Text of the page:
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Charles Busch shares some unique and wonderful memories of his times with Angela Lansbury

This is my favorite Angela Lansbury tribute of all I’ve read today and it comes from actor, playrwight, cabaret entertainer, novelist, screenwriter, drag legend, star of the films Psycho Beach Party and Die Mommie Die Charles Busch.

He writes:

I get embarrassed jumping onto the mortuary bandwagon, but as one can imagine, it was an honor to spend time in the presence of Angela Lansbury and I can’t resist sharing those memories.

In 2007, my friend Barry Kohn, the allergist who was the inspiration for my play “The Tale of the Allergist’s Wife” invited my partner, Eric Myers, and I to his Passover Seder. Barry had recently become friendly with Angela Lansbury since she’d been back in NY appearing in the play “Deuce” with Marian Seldes. I suggested to Barry on the phone, “You should invite Angela and Marian.” I was half-joking, but Barry replied, “That’s a great idea. I will.”

It was a small group: Barry, his wife Brina, Angela, Marian, Eric, Cherry Jones and her partner at the time, future Emmy award winner Sarah Paulson, and me. Angela confessed that this was the first Seder she’d ever attended. We all sat at the table and began reading from the ancient text that told of the Israelites’ escape from slavery in Egypt.

Suddenly, it hit me that I was “acting” with Angela Lansbury, Marian Seldes, Cherry Jones, and Sarah Paulson. I felt enormous pressure to give a performance worthy of this estimable company. It was spellbinding hearing them read with their distinctive voices; particularly Angela with her bright anglicized American accent and Marian in her low cathedral-like whisper. You would have thought they were co-narrating a program on the History Channel. When it came around to me, I made every effort to enunciate beautifully and read with emotional expressivity. I thought I was doing very well. When I finished, Eric, hissed in my ear, “I can’t believe you’re reading the Haggadah as Joan Crawford.” I whispered back defensively, “I’m giving it vocal color.”

During that time, I was appearing in my play “Die Mommie Die.” After a performance one night, a gentleman introduced himself to me and said that he was the director of the costume collection of the Museum of the City of New York. They were presenting a retrospective of the great fashion designer, Valentina, who had made gowns for Katharine Hepburn. Lynn Fontanne and Garbo among others. He said that he’d love to give me a private tour on a Monday when the museum was closed. Reflecting on who would enjoy going on that tour with me, I thought of my new chum Angela Lansbury. I sent a note via the stage door at “Deuce”. Angela emailed me back that she’d love to go. I can only imagine the look on the face of the director of the exhibit when I emailed him and asked if could bring along my friend… Angela Lansbury.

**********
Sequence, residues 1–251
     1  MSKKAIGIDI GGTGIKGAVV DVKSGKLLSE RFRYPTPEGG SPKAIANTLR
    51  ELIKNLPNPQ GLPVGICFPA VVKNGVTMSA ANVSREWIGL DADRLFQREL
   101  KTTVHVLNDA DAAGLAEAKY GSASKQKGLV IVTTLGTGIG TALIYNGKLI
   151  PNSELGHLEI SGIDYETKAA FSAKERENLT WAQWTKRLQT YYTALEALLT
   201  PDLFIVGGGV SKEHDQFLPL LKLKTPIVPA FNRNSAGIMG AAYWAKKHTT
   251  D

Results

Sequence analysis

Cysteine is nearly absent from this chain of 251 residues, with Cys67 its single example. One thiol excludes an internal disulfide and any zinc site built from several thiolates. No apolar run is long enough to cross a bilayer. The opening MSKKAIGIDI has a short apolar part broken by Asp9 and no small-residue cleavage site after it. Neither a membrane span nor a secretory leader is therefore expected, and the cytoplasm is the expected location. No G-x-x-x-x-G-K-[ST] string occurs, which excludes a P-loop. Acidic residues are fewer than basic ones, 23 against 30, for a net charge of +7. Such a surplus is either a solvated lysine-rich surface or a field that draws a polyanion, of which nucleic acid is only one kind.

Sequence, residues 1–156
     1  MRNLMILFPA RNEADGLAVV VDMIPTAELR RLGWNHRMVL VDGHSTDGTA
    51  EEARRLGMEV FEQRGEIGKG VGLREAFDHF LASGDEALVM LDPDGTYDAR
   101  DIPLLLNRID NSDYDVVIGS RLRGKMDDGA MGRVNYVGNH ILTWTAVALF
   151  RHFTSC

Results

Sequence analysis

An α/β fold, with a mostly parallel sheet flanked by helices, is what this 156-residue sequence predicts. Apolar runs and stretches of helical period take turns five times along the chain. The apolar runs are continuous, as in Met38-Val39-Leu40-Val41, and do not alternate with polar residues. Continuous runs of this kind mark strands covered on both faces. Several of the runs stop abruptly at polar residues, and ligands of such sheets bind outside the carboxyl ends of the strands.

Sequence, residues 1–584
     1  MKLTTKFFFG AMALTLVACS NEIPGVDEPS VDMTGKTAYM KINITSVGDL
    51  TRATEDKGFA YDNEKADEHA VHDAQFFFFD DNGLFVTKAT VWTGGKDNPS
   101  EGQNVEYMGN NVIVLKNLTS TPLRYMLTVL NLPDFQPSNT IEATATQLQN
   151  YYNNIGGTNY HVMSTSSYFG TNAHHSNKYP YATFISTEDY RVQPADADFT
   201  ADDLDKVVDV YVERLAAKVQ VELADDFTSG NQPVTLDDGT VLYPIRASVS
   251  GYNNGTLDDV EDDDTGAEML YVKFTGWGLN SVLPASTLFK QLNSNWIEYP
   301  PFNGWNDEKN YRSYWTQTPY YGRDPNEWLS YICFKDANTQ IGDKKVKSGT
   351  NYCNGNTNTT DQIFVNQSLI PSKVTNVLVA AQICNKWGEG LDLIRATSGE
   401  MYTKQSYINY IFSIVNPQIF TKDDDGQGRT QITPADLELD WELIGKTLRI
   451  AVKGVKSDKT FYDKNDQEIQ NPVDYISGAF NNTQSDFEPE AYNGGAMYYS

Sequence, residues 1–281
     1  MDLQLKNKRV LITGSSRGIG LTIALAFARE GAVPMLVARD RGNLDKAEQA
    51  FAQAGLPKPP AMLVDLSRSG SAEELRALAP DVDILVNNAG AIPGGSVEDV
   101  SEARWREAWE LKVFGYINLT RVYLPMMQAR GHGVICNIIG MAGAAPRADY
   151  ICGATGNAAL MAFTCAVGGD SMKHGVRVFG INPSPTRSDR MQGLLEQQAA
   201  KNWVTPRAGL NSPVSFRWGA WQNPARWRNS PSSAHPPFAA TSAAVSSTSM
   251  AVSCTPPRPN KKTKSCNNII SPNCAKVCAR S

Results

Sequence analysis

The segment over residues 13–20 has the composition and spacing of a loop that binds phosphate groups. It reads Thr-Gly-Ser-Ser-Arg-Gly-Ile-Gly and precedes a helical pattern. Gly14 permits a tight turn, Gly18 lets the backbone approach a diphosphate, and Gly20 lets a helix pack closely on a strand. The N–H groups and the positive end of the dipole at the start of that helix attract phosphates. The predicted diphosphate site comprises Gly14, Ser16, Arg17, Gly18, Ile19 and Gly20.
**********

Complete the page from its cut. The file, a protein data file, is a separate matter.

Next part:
On that day, “Angie’ and I met outside the Museum and once inside we were quickly met by a lovely woman on staff who was so bowled over to meet Angela that she actually curtsied. We had a marvelous time not only having a private tour of the exhibit but then being taken “backstage” and shown drawers full of 18th century French gloves and fashion artifacts.

When we left the museum, it was raining and we jumped into a cab. I was going to drop her off at her apartment in the West fifties. Suddenly, I had this madcap notion and said, “We should have the driver drop us at Petrossian and have caviar and blinis.” Angie laughed and said, “Let’s do it!” I felt like Vera to her Mame and I exclaimed “But Mame! Mame!” I could see that she enjoyed being thrust into that glamorous role again. We had the most divine lunch. I was fascinated by her elegant table manners. She refused to take a bite if I was speaking and naturally, she wouldn’t eat if she was speaking. I couldn’t quite figure out how she ever got any food in her mouth. In the years since, I’ve attempted to emulate her, but can’t figure out how to do it and not let my meal get cold. I wonder if this was a skill she was taught at MGM.

How fortunate all of us were by her returning to the theater not once but four more times and then in several one night play readings for the Acting Company. I treasure the times I was in her presence as a rapturous audience member but also offstage. One last memory. My young twelve-year-old protegee, Nora, and I saw her in “Blithe Spirit” and we went backstage afterwards. It was an anniversary of the opening night of “Mame” and her dresser had surprised her by decorating her dressing room with memorabilia from that legendary production. She was wearing lounging pajamas and had her hair parted on the side and looked amazingly like her younger self. She greeted us at the top of the stairs in a Mame-like pose and exclaimed “It’s today!” Nora and I both nearly passed out.



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